Welcome to VERCIDA website.Skip to main content
Category: Industry News, age, servey, job, over 55
Employers need to provide more training opportunities for older workers and how they advertise jobs to attract recruits over 55, according to the results of a survey issued by the Recruitment and Employment Confederation (REC). Asked to identify the most important change businesses should make to encourage applications from jobseekers aged 55 and over, almost four in ten (37%) respondents highlighted issues around advertising, while a third (34%) indicated that they should be providing more opportunities for older workers to upskill or reskill. Twenty percent said that businesses need to be more careful with language used in job adverts while 17 percent said that hirers need to look beyond posting jobs exclusively online. Evidence for the business case for retaining, retraining and recruiting older workers will be published by the Department for Work and Pensions in March.
Dr Ros Altmann, Business Champion for Older Workers at the Department for Work and Pensions who will publish the report said: “People are living longer and want to work for longer, and it’s vital to our economy that they do. Businesses need to act now in order to benefit from the extensive skills and experience that older workers bring. It is important not to rule out older applicants when recruiting new talent.”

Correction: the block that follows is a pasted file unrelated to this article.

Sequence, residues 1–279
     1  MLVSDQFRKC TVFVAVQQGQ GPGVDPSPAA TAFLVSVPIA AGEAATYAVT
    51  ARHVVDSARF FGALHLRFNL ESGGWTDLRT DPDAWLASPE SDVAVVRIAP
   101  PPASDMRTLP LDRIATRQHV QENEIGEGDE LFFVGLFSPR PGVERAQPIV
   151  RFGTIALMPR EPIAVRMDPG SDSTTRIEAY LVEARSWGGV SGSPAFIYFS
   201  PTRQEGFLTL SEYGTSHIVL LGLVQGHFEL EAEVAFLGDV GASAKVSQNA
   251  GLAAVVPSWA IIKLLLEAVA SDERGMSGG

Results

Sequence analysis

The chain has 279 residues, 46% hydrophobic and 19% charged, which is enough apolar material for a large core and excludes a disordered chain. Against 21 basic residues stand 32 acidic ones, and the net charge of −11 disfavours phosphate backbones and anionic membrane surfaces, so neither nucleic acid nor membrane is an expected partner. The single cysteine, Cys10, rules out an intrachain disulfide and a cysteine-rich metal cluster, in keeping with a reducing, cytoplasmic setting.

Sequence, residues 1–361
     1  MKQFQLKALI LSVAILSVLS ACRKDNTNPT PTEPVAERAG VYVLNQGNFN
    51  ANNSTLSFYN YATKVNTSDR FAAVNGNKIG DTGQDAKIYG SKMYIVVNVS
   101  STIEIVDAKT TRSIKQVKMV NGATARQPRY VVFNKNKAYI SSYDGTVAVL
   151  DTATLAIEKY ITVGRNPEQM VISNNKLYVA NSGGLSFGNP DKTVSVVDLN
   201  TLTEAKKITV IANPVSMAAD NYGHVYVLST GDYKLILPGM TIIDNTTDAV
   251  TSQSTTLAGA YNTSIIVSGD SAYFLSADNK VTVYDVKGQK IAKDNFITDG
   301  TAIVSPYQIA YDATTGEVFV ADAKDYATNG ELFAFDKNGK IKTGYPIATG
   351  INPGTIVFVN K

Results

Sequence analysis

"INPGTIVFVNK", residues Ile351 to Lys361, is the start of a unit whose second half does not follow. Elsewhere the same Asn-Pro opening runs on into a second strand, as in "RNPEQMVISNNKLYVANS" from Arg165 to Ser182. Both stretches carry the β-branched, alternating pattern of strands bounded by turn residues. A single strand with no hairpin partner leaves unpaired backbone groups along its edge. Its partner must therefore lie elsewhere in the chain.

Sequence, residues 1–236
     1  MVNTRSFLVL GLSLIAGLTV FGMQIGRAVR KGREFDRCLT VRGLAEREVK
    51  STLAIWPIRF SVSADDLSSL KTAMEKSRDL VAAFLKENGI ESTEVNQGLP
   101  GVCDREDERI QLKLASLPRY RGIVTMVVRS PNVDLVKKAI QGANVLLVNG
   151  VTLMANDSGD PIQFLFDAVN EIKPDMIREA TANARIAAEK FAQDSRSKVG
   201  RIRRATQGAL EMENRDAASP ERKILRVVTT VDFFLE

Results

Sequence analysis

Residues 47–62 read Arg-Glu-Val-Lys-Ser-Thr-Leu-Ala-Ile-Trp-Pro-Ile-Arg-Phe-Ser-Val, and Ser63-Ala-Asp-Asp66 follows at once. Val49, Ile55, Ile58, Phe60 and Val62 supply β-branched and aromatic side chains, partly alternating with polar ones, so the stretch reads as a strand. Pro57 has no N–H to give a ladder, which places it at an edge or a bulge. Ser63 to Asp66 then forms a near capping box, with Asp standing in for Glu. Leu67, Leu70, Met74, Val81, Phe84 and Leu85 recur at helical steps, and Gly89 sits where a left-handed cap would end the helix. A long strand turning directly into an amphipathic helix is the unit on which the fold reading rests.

Previous research published by The Prince’s Initiative for Mature Enterprise has suggested that of the 3.3 million people aged 50-64 who are economically inactive in the UK, approximately 1 million have been made ‘involuntarily workless’ due to redundancy, ill health or early retirement. Reintegrating this demographic back into the workforce could boost the UK’s GDP by up to £88 billion.
REC chief executive Kevin Green said: “The UK is suffering from skills shortages across the economy and at the same time businesses are telling us that they are at capacity and can’t take on more work without more staff.
“Older workers have a huge amount of experience, skill and knowledge to offer organisations. However, to encourage this talent back into the labour market employers need to be more effective at attracting them as well as potentially structuring the work differently to suit this life style.
“Simple changes to the language used in job descriptions and the way jobs are advertised could be significant. We encourage hirers to work alongside specialist recruiters who understand the benefits that older workers can bring, and who can help tailor job roles to meet their needs.”